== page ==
In Nong Khai, the princess officially opened a State Railway of Thailand library before making the historic trip across the Mekong River to Vientiane’s Thanaleng station where she co-chaired the official opening of the cross-border rail service with Lao PDR Vice-President Bounnhang Vorachith.
The fare for an air-conditioned second class journey on the route is Bt80 per trip, while for ordinary third class it is Bt20. It is projected that with four return trips daily, revenue from fares will exceed Bt10 million during the first year of service.
Construction of the six kilometre railway from the Friendship Bridge to Thanaleng Station was completed last year by the Lao National Railway Authority and the State Railway of Thailand to develop transport services between the two neighbours.
At the initial stage the service will offer two daily round trips, and the engine and carriages will park overnight at Thailand’s Nong Khai station.
Trains depart Nong Khai station at 9.10 a.m. and 16:20 p.m. for the 15 minute journey. Trains traveling in the opposite direction leave the Thanaleng station in Laos at 10.05 a.m. and 17:20 p.m.
Lao Railway Authority Deputy Director General Sonesack N. Nhansan told the official KPL News last Friday that while the current equipment being used is operated by Thailand, the Lao PDR is talking with prospective suppliers and donors regarding both the rolling stock and extension of rail lines to other parts of the country. (TNA)


EGAT won’t appeal, will compensate pollution victims

Villagers affected by emissions from the EGAT lignite mine in Lampang sit outside the Chiang Mai Administrative Court to await the verdict of their claim for compensation.

The Electricity Generating Authority of Thailand (EGAT) has opted to not appeal a court ruling which has ordered it to compensate Lampang residents who have been affected by toxic emissions from its Lampang lignite mine and coal-fired power plant, EGAT Deputy Governor Virach Karnjanapiboon said last Thursday.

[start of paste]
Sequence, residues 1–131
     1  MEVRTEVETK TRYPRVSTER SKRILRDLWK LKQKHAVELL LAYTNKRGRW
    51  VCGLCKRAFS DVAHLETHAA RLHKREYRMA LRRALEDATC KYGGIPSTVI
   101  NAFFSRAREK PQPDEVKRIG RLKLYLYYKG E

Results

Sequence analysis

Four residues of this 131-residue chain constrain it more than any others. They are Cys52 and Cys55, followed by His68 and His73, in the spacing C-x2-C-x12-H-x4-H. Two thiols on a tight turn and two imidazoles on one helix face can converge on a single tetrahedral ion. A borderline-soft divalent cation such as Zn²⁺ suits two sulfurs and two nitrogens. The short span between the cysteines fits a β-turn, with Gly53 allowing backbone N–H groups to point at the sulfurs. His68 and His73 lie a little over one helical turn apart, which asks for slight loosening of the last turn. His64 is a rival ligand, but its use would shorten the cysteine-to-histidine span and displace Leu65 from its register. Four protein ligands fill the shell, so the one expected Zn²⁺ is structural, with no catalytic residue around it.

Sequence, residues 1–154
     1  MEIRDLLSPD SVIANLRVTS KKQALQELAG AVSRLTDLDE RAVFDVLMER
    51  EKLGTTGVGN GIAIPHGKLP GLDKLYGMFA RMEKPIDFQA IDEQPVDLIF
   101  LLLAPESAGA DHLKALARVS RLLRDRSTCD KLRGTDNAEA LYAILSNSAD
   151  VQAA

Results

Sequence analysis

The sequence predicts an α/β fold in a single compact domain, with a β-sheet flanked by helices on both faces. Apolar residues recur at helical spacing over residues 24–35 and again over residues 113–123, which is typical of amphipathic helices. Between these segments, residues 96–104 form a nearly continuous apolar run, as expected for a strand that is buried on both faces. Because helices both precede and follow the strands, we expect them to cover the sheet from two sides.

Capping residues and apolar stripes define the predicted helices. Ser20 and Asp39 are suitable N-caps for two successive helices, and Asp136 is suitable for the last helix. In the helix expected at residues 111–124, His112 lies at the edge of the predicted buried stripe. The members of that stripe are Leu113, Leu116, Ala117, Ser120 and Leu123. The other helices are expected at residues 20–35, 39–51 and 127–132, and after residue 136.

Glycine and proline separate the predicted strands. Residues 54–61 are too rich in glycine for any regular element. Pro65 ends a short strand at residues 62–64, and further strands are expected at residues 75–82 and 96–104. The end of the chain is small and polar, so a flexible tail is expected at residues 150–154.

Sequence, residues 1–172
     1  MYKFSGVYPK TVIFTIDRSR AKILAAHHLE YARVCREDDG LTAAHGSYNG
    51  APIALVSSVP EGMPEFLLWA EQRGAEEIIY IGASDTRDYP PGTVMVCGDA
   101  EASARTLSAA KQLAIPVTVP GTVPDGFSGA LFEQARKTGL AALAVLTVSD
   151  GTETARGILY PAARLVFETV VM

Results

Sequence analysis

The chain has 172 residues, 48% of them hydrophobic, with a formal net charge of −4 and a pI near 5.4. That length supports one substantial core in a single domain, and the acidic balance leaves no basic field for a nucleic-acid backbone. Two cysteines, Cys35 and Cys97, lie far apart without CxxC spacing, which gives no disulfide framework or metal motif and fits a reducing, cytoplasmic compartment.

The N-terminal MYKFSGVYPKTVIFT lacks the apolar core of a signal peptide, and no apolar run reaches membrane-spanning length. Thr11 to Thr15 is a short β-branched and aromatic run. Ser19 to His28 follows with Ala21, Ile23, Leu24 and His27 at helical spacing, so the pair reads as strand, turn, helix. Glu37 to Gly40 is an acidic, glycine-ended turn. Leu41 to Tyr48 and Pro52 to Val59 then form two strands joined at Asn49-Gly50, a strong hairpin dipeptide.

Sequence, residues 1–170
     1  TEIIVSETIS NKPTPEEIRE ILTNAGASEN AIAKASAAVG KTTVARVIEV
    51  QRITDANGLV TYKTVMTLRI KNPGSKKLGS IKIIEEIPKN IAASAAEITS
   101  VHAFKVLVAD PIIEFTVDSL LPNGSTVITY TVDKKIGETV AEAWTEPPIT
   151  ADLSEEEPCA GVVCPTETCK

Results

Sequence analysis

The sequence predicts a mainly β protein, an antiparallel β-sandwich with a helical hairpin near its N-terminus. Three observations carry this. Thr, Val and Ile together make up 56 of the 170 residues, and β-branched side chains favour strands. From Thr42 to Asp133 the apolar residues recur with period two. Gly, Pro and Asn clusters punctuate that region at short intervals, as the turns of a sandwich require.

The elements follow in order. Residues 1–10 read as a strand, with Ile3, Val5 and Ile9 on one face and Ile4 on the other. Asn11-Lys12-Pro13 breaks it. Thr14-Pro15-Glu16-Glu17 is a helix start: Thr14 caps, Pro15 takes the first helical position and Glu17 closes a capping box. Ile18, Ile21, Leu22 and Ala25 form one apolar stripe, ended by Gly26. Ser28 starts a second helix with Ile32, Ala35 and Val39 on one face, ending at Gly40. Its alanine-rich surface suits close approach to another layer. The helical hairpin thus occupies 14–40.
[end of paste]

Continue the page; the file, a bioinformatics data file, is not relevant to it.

Virach said EGAT would seek counsel from prosecutors again in order to get a clear picture of the court ruling regarding its mining concession before proceeding on what action it should adopt.
The Administrative Court in Chiang Mai last Wednesday ruled that EGAT must pay compensation to 477 villagers in nearby Lampang province after the victims lodged complaints that they had suffered respiratory problems from toxic emissions from the plant between 1992-1998.
EGAT has not released sulphur dioxide from its plant at any amounts exceeding that allowed by the law from 1998 until the present time, Virach said. The state-owned corporation has operated de-sulphurisation units since 1997 and EGAT is confident that air quality around the plant has now improved, he said. (TNA)


Chiang Mai’s Mayor speaks on pollution

Andy Archer.
CMM: Dr. Duentemduang, thank you for agreeing to this interview on pollution in the city - at present a major concern for all residents.  Do official records show that, this year, the problems have begun earlier than in previous years?

Chiang Mai Mayor
Dr. Duentemduang na Chiengmai.

Mayor:
I don’t think so, as last year the pollution started to build from January.
CMM: Persons who have lived here for 30 years may believe that the haze over the city has nothing to do with air-borne pollution.  Would you agree with this?
Mayor:
Yes, and no, as, in the past, the haze visible during the dry and hot seasons was not harmful.  Nowadays, burning of agricultural waste and rubbish and forest wildfires, together with factory output and exhaust emissions combine to make a haze which is harmful to health as pollutants within it exceed safe levels.
CMM: Does the Chiang Mai administration expect pollution to be worse this year than in previous years?
Mayor: